Science Editor Guo SY Language Editor Elsevier HK
Published online Nov 7, 2005. doi: 10.3748/wjg.v11.i41.6563
Revised: May 23, 2005
Accepted: May 24, 2005
Published online: November 7, 2005
The author presents three cases of esophageal rupture during the treatment of massive esophageal variceal bleeding with Sengstaken-Blakemore (SB) tube. In each case, simple auscultation was used to guide SB tube insertion, with chest radiograph obtained only after complete inflation of the gastric balloon. Two patients died of hemorrhagic shock and one died of mediastinitis. The author suggests that confirmation of SB tube placement by auscultation alone may not be adequate. Routine chest radiographs should be obtained before and after full inflation of the gastric balloon to confirm tube position and to detect tube dislocation.
Citation: Chong CF. Esophageal rupture due to Sengstaken-Blakemore tube misplacement. World J Gastroenterol 2005; 11(41): 6563-6565
Esophageal rupture is a well-known but rarely reported fatal complication of the management of bleeding esophageal varices with the Sengstaken-Blakemore (SB) tube. Described below are three cases of fatal esophageal rupture with striking radiographs showing the gastric balloon of the SB tube inflated in the thoracic cavity. A routine pre-inflation chest radiograph should have prevented esophageal perforation due to malposition of the SB tube in these cases.
A 38-year-old man was admitted with massive hematemesis. On physical examination, his blood pressure, pulse rate, respiratory rate, and temperature were 86/50 mmHg, 126 bpm, 24/min, and 37.3 °C, respectively. Pale conjunctivae, icteric sclera, splenomegaly, and spider angiomata were also observed. Resuscitation was started with normal saline, packed red cells and platelet concentrates. When stabilized, an emergency esophago-gastroduodenoscopy was performed, which revealed active bleeding from ruptured esophageal varices.
Despite aggressive therapies with fluids, blood components and full-dose terlipressin, the patient deteriorated into coma due to hemorrhagic shock. He was moved to the intensive care unit (ICU) for insertion of an SB tube. Endotracheal intubation was accomplished to secure airway before the procedure. A chest radiograph taken soon after tracheal intubation and inflation of the gastric balloon to 300 mL showed a radiolucent area behind the heart (Figure 1). The gastric balloon was immediately deflated and the SB tube removed (2 h after insertion). A repeated chest radiograph revealed massive left hemothorax. As the patient was deemed unfit for surgery, he was treated conservatively. The patient died when a further episode of massive hematemesis developed 44 h after admission.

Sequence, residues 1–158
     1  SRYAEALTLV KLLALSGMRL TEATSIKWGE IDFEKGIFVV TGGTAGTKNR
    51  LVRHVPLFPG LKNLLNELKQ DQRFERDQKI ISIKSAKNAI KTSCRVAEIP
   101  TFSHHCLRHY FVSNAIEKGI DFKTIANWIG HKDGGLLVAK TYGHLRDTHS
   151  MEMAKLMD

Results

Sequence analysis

A 49-year-old man was admitted to the ICU due to uncontrolled hematemesis from ruptured esophageal varices and hepatic encephalopathy. Physical examination showed that he was in deep coma (Glasgow coma scale of E2M1V1) and severe hypotension (BP 60/40 mmHg). Rapid endotracheal intubation followed by insertion of an SB tube was performed without difficulties. However, a chest radiograph ordered to check tube positions demonstrated a radiolucent circle (the gastric balloon) within the left hemithorax (Figure 2). The patient died of shock-related multiple organ failure on the third day of admission.
A 43-year-old male alcoholic was treated in the ICU for convulsions due to decompensated hepatic cirrhosis with grade IV encephalopathy. He was tracheally intubated with a Glasgow coma scale of E2M2VT. His vital signs were within the normal limits. However, he suffered a massive hematemesis on the third day of admission, which was the result of ruptured esophageal varices. An SB tube was inserted and a chest radiograph later showed a radiolucent area within the lower mediastinum (Figure 3). The patient developed fever, leukocytosis and shock in the following days and a chest computer tomography (CT) revealed findings compatible with mediastinitis. He died of sepsis 12 d after the admission.
The management of acute bleeding episodes from ruptured esophageal varices consists of volume replacement, pharmacological, mechanical (balloon tamponade), and surgical modes of arresting hemorrhage. While balloon tamponade using SB tube is effective in achieving initial hemostasis, it has a significant complication rate. The most common complications of esophageal balloon therapy for varices include aspiration, esophageal perforation, and pressure necrosis of the mucosa. The exact incidence of complications is difficult to determine, as it varies with the skill and experience of the surgical team, the duration of treatment, and the status of the patient. Aspiration of secretions is the most common complication of balloon tamponade, occurring in approximately 10%-20% of cases.
As described in past literature, cases with esophageal perforation can occur as a result of difficult SB tube insertion, retching and vomiting, and repeated endoscopic sclerotherapy. In each of our cases, the SB tube was inserted without documented difficulties. Intragastric position was confirmed with auscultation. A radiographic localization of the SB tube before full inflation of the gastric balloon was ignored. The diagnosis of esophageal perforation in each case was confirmed by a follow-up chest radiograph taken after full inflation of the gastric balloon. Though uncommon, esophageal rupture due to SB tube misplacement carries a high incidence of mortality from hemothorax or septic mediastinitis, as demonstrated in our patients.
In conclusion, following insertion of the SB tube, confirmation of tube placement by auscultation alone may not be adequate. Routine chest radiographs should be obtained before and after full inflation of the gastric balloon to confirm correct tube position and to detect tube dislocation as soon as possible.
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